Category Archives: spiritual mind

John Owen – How to Set Your Affections on Things Above Chapter 2 – 1681

Owen wrote, ”

Water that rises and flows from a living spring runs equally and constantly, unless it be obstructed or diverted by some violent opposition; but that which is from thunder-showers runs furiously for a season, but is quickly dried up. So are those spiritual thoughts which arise from a prevalent internal principle of grace in the heart; they are even and constant, unless an interruption be put upon them for a season by temptations. But those which are excited by the thunder of convictions, however their streams may be filled for a season, they quickly dry up and utterly decay.”

Setting Affections on Things Above 2

John Owen – How to Set Your Affections on Things Above, Preface and Chapter 1

Owen wrote, ”

There is a being earthly minded which consists in an inordinate affection unto the things of this world. It is that which is sinful, which ought to be mortified; yet it is not absolutely inconsistent with the substance and being of the grace inquired after. Some who are really and truly spiritually minded, yet may, for a time at least, be under such an inordinate affection unto and care about earthly things, that if not absolutely, yet comparatively, as unto what they ought to be and might be, they may be justly said to be earthly minded. They are so in respect of those degrees in being spiritually minded which they ought to aim at and may attain unto. And where it is thus, this grace can never thrive or flourish, it can never advance unto any eminent degree.

Setting Affections on Things Above 1

Richard Alleine – A Heart of Flesh – From Heaven Opened

Richard Alleine 1611-1681

O what sorrow-bitten souls are the saints for their want of sorrow. “I mourn, Lord, I lament, I weep; but it is because I cannot mourn or lament as I should: if I could mourn as I ought, I could be comforted; if I could weep, I could rejoice; if I could sigh, I could sing; if I could lament, I could live; I die, I die, my heart dies within me, because I cannot cry; I cry, Lord, but not for sin, but for tears for sin; I cry, Lord, my calamities cry, my bones cry, my soul cries, my sins cry, ‘Lord, for a broken heart,’ and behold, yet I am not broken.

A Heart of Flesh

 

Alexander Whyte – The Element of Time in Our Devotions – 1896

You may be a man of a meditative, mystical, spiritual mind. Now if that is the nature of your mind, it will never come to its best out in the world, keeping late hours with the men and women of the world. No, nor even staying at home and reading, late at night, the books and papers of the world. With such a rare mind as yours is, you must be much at home, and much alone; and when you are alone you must be religiously, and spiritually, and devotionally occupied. In no other way will you ever come to the full height of your high calling.

Time Spent in Devotions

Alexander Whyte – Look to Your Motives – 1894

Preached at St. George’s Whyte says, ”

Now from all this, it follows as clear as day that our true sanctification, our true holiness of heart, our true and full and final salvation, all lie in the rectification, the simplification, and the purification of our motives. The corruption and pollution of our hearts—trace all that down to the bottom, and it all lies in our motives: in the selfishness, the unneighbourliness, the unbrotherliness, the ungodliness of our motives. We are all our own motive in all that we do: we are all our own main object and our own chief end. And it is just this that stains and debases so much that we do.”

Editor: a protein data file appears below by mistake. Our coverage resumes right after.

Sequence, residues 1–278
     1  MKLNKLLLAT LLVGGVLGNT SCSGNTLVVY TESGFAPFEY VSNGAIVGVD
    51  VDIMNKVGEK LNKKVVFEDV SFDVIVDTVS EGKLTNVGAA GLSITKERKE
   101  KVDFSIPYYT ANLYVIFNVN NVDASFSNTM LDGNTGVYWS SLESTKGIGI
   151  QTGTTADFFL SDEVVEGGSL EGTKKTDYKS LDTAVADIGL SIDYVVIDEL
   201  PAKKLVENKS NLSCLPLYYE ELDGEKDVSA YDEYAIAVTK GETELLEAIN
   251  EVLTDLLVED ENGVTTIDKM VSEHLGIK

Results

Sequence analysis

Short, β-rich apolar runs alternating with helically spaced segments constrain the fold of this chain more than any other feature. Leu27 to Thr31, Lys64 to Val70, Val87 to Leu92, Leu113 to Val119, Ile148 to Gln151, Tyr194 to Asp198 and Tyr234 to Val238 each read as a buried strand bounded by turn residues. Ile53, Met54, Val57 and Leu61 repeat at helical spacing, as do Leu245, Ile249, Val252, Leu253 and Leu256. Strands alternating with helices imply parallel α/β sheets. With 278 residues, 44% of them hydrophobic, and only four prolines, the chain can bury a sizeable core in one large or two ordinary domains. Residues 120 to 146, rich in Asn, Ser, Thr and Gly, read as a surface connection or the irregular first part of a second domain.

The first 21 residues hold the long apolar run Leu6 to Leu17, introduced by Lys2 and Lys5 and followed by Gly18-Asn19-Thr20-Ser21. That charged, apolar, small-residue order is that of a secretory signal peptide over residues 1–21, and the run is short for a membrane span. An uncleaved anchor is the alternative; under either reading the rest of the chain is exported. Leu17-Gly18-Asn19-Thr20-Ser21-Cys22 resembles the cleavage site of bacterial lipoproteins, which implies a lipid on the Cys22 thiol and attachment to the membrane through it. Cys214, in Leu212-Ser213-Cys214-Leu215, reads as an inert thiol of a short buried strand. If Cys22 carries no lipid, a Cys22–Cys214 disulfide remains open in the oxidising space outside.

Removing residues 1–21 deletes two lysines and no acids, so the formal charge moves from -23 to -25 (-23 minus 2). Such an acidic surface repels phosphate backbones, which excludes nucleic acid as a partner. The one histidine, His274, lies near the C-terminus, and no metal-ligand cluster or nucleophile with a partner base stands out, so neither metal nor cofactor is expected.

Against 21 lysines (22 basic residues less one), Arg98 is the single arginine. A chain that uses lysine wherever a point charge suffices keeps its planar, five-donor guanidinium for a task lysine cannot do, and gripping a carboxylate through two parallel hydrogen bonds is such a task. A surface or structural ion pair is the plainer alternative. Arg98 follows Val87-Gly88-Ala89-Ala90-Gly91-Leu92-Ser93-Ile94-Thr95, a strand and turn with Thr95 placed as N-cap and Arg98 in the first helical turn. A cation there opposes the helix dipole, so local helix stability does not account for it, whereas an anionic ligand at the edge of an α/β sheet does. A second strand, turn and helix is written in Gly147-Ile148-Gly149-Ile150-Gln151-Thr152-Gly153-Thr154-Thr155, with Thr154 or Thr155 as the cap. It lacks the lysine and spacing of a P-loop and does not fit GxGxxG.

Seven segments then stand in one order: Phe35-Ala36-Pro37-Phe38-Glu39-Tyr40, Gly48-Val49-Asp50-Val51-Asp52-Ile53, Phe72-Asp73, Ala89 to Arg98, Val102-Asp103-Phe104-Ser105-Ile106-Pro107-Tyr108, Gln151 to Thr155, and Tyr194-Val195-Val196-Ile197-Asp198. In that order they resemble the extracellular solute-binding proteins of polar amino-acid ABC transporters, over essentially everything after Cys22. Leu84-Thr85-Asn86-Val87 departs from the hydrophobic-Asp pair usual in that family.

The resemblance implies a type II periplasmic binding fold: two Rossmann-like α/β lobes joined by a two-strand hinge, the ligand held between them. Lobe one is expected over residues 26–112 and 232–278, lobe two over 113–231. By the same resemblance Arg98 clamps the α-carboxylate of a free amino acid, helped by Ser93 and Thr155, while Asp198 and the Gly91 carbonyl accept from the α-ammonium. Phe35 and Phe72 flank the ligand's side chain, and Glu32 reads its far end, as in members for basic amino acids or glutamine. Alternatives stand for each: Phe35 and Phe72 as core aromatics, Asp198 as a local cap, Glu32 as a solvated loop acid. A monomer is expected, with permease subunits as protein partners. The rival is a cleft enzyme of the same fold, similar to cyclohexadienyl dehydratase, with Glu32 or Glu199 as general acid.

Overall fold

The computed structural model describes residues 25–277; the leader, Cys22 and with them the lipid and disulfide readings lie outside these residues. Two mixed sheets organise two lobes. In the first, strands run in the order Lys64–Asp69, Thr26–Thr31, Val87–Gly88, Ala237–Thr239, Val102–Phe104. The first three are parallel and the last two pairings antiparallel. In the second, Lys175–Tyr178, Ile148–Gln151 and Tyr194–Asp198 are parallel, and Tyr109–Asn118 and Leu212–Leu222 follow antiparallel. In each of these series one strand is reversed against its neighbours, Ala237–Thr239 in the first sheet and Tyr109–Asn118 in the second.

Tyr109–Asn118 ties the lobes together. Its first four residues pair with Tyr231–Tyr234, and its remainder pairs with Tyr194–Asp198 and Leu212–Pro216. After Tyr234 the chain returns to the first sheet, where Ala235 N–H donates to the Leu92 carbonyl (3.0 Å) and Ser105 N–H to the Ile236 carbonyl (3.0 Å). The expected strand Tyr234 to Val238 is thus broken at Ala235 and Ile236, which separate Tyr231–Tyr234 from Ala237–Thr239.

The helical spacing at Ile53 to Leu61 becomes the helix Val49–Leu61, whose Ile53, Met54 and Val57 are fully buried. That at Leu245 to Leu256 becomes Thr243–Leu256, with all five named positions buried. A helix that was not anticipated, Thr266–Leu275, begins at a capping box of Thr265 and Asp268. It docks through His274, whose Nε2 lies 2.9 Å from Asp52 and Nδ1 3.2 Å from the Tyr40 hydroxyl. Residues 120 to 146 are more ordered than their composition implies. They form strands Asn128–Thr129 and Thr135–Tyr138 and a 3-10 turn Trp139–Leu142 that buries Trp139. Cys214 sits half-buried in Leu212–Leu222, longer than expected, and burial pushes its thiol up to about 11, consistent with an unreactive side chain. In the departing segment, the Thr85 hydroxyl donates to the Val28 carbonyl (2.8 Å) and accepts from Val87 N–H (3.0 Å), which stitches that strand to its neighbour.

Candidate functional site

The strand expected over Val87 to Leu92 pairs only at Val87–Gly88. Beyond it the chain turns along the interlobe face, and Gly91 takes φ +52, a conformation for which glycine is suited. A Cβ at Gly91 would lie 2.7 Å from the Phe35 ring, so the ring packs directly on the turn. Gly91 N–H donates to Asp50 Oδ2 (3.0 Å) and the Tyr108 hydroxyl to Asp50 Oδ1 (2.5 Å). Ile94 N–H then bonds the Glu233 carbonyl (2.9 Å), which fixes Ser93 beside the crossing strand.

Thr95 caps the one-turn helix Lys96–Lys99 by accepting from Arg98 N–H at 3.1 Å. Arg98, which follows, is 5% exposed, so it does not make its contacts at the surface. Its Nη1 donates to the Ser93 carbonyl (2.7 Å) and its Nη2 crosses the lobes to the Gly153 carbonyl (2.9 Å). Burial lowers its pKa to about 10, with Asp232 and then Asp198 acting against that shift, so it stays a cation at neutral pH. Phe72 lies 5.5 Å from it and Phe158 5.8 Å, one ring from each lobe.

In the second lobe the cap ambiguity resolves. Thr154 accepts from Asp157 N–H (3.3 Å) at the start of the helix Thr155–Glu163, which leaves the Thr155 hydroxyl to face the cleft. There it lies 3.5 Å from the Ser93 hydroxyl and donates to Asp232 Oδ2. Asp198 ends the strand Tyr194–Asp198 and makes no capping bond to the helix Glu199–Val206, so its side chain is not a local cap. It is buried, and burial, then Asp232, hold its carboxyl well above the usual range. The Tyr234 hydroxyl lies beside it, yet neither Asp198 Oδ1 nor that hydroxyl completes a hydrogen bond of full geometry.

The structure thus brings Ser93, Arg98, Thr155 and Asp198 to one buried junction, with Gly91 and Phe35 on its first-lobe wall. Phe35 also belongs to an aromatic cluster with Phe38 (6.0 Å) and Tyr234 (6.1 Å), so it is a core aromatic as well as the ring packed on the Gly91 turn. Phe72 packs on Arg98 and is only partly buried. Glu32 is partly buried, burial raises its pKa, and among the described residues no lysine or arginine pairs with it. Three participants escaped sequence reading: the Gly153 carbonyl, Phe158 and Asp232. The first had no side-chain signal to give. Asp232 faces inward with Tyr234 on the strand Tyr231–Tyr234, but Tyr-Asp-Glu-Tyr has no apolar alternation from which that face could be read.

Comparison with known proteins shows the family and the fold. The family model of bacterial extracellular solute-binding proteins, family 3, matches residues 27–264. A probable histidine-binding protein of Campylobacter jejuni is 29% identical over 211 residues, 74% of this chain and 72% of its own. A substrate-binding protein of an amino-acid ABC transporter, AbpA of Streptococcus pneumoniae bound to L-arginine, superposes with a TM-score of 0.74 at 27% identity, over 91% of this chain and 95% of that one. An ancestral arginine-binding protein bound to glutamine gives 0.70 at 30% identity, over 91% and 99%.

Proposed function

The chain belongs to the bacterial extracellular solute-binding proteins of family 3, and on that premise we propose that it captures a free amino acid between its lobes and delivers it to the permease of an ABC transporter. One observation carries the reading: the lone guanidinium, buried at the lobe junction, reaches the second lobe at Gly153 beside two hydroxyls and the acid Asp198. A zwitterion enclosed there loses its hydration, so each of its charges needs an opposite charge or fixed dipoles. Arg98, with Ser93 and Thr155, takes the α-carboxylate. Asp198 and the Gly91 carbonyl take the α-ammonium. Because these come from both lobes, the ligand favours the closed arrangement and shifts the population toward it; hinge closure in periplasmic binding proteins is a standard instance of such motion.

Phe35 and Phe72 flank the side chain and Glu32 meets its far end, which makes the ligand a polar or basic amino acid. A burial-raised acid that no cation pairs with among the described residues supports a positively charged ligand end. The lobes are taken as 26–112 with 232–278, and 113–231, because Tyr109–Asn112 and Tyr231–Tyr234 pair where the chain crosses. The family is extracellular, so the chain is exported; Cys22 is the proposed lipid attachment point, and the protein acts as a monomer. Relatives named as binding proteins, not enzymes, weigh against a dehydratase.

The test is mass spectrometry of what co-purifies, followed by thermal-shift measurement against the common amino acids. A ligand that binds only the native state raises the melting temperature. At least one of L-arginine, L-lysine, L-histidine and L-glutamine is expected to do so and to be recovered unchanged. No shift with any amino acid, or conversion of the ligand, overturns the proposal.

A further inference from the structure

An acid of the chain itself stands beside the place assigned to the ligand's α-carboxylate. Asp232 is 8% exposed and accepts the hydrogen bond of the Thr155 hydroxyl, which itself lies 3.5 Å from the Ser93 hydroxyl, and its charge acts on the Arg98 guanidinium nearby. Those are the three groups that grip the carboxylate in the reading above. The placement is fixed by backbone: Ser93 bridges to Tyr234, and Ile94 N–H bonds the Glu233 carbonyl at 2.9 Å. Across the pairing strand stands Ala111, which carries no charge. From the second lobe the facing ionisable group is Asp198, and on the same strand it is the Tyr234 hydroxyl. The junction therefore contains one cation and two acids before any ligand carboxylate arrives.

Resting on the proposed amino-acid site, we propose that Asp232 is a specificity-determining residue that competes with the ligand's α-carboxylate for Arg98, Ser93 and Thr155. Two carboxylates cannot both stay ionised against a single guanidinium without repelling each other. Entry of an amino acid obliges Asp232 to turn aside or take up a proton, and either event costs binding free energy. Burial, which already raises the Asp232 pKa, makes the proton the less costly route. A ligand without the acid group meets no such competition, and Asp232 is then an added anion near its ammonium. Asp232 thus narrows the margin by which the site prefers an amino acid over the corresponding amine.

Look To Your Motives

John Angell James – Letters to the 7 Churches Part 2 – from The Church in Earnest.

The church, though in this deplorable state, was not aware of its condition, but thought all was going on well; it did not know that it was “wretched, and miserable, and poor, and blind, and naked.” This is surprising and affecting, and shows, in an alarming view, how far self-deception may be carried, especially in the case of those, who, like the members of the church at Laodicea, are much taken up with the enjoyment of worldly prosperity. Let a professor of religion have his mind much occupied with the cares of business, and his affections much engrossed with the objects of sense, and it is astonishing how ignorant and mistaken he may remain as to the real state of his soul.

Letters to the 7 Churches – The Church in Earnest Part 2

Gisbertus Voetius – Spiritual Desertion – 1659 – Chapter One, Part One

This book is recorded – {narrated} from the title Spiritual Desertion with the kind permission of the Dutch Reformed Translation Society. www.dutchreformed.org .   It is the narrator’s opinion that it is unequaled regarding the subject in which it treats. The opinion is based on the use of the spiritual/clinical terms that are not even employed in our day. (1) because the relation of Christian experience is often more superficial (2) if the distressed is even asked to delineate them at all – often the feelings are suppressed or there is little patience to deal with these subjects at this level. (3) because the best authors are understood and quoted by this author from a bygone day that even though now are available on line are rarely consulted with the patience that is required to read the old English.  Special thanks to Reformation Heritage Books and my dear friends David Woolin, and Dr. Joel Beeke as well. Chapter one part one is the definition of terms. In this chapter the difference between melacholia and desertion are examined.

Spiritual Desertion – Chapter one Part one